Global economy remains in a relatively moderate cyclical slowdown, but concerns about a recession in the US and Europe have not yet materialized, and short-term macroeconomic indicators are increasingly showing signs of stabilization. Manufacturing sentiment in the US, euro area, China and other major economies is no longer declining, new industrial orders have stabilized, suggesting more positive dynamics in world trade in the first half of 2020, and OECD leading economic indicators index has begun improving for the first time since 2018.
The Baltics continue to grow, but sentiment is declining
The Baltic region continues to grow faster than the euro area as a whole, despite declining world trade and slowing global economy. In Lithuania and Estonia, GDP grew by 3.9-4.3% year-on-year in the first three quarters of 2019, while growth in Latvia declined to 2.5%. This is mainly due to internal factors and some one-off negative shocks, such as adverse weather conditions in energy sector, a fall in timber prices, a drop in transit freight volumes, a tightening in fiscal policy and a reduction in cross border alcohol trade as a result of reduction of the Estonian excise duty. Some of these factors will continue to affect Latvia's economic growth in 2020, so growth in Latvia is likely to continue to lag behind Lithuania and Estonia.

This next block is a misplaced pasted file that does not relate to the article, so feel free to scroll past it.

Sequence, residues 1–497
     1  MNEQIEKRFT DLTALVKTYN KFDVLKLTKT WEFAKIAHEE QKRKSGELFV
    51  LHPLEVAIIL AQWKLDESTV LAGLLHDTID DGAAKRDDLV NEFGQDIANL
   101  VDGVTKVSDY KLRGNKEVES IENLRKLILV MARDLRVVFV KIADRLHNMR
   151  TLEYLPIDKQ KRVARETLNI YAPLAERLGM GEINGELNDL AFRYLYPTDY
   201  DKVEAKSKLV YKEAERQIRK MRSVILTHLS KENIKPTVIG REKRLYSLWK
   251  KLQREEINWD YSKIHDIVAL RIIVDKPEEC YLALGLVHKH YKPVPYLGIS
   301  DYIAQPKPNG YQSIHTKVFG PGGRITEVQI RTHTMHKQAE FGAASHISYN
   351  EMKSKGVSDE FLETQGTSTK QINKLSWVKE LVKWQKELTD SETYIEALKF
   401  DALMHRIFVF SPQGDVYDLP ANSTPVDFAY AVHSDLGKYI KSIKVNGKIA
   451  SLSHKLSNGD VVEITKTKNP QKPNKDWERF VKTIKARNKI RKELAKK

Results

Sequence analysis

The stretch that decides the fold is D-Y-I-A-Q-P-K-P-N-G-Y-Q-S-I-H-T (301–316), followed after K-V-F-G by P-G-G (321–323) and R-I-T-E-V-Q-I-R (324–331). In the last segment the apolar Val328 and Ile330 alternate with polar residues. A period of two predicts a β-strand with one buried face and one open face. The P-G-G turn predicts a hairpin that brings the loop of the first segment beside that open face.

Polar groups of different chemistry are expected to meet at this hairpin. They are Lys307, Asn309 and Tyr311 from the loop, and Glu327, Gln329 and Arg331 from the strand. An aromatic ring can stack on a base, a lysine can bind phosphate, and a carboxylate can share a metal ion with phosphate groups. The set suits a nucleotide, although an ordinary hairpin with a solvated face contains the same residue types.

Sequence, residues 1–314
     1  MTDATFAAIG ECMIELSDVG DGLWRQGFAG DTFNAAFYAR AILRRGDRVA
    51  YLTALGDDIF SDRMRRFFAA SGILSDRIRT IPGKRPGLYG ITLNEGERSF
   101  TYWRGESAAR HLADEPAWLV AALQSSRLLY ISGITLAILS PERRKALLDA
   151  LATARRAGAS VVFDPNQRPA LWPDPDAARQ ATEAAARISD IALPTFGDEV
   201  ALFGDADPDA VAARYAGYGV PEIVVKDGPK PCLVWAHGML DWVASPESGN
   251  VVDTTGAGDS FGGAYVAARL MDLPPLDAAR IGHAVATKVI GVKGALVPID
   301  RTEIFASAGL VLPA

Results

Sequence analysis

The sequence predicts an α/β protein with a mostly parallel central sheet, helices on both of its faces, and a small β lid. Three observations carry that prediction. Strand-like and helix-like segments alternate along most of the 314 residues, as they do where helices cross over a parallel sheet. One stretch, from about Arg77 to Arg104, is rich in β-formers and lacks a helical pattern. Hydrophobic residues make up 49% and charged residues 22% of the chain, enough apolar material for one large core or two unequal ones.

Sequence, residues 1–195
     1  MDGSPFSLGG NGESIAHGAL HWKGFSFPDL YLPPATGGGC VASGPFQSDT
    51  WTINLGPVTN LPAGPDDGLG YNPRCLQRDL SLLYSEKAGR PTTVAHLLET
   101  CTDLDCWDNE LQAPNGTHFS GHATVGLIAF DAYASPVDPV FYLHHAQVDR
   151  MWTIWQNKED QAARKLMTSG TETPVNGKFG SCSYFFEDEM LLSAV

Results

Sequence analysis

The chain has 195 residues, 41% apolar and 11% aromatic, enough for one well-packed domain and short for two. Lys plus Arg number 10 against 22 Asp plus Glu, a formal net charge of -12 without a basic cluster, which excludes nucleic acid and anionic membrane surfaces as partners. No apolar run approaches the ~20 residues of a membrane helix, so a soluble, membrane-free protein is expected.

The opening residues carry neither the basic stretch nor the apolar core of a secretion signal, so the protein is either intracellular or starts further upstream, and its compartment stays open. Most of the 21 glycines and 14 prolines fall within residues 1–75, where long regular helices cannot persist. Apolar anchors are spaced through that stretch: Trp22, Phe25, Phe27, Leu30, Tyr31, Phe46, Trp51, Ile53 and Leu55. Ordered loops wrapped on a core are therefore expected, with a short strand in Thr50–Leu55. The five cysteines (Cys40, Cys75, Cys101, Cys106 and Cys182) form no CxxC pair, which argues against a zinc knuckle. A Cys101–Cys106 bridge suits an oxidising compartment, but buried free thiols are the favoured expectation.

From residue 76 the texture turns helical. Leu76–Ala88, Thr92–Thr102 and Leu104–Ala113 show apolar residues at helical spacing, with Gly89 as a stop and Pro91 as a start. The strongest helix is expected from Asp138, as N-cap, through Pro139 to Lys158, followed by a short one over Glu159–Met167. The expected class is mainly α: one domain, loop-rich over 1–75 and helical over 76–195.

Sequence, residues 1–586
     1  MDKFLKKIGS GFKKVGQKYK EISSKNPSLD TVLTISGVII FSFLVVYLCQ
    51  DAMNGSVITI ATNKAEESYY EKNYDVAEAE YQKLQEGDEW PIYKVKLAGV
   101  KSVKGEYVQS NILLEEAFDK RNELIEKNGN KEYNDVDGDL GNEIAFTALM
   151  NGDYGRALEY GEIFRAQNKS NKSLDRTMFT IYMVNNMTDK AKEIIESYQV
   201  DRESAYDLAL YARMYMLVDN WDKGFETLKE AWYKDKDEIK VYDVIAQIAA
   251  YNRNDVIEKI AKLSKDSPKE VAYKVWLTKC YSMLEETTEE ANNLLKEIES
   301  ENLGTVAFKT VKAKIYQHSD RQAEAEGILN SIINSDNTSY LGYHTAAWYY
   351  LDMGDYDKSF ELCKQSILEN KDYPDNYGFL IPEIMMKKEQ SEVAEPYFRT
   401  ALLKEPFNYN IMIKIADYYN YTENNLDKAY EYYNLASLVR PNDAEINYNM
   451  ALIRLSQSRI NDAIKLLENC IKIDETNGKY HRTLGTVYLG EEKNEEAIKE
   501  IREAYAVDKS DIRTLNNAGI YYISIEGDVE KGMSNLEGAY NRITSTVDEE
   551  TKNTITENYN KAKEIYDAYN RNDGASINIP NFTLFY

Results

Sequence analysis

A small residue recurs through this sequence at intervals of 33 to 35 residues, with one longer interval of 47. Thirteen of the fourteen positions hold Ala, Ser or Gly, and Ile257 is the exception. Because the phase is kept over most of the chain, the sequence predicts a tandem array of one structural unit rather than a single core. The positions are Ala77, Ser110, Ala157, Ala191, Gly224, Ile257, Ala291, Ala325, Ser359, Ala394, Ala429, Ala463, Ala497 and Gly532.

Exporters are feeling the weakening of external demand
The unfavourable global macroeconomic environment is currently most felt in manufacturing and exports of goods, but industrial growth in the Baltics in 2019 has been significantly faster than elsewhere in the euro area, indicating that the Baltic producers remain competitive. However, this resilience of the industry to the decline in external demand is unlikely to continue in 2020.
Domestic consumption continues to support economic growth
Domestic consumption remains one of the main drivers of economic growth in the Baltics. However, in the final months of the year, annual retail sales growth in euro terms has slowed slightly from 6-8% in the first half of 2019 to 4-5% in the last months of the year. Growth rates have declined most rapidly in Latvia, partly due to the decline in alcohol sales following the reduction of excise duty rates in Estonia. At the same time, consumer sentiment remains very strong, unemployment in the Baltics is declining and average wages in the Baltics have risen by about 8% in 2019. Consumer price inflation is also moderate within the range of 2-3%.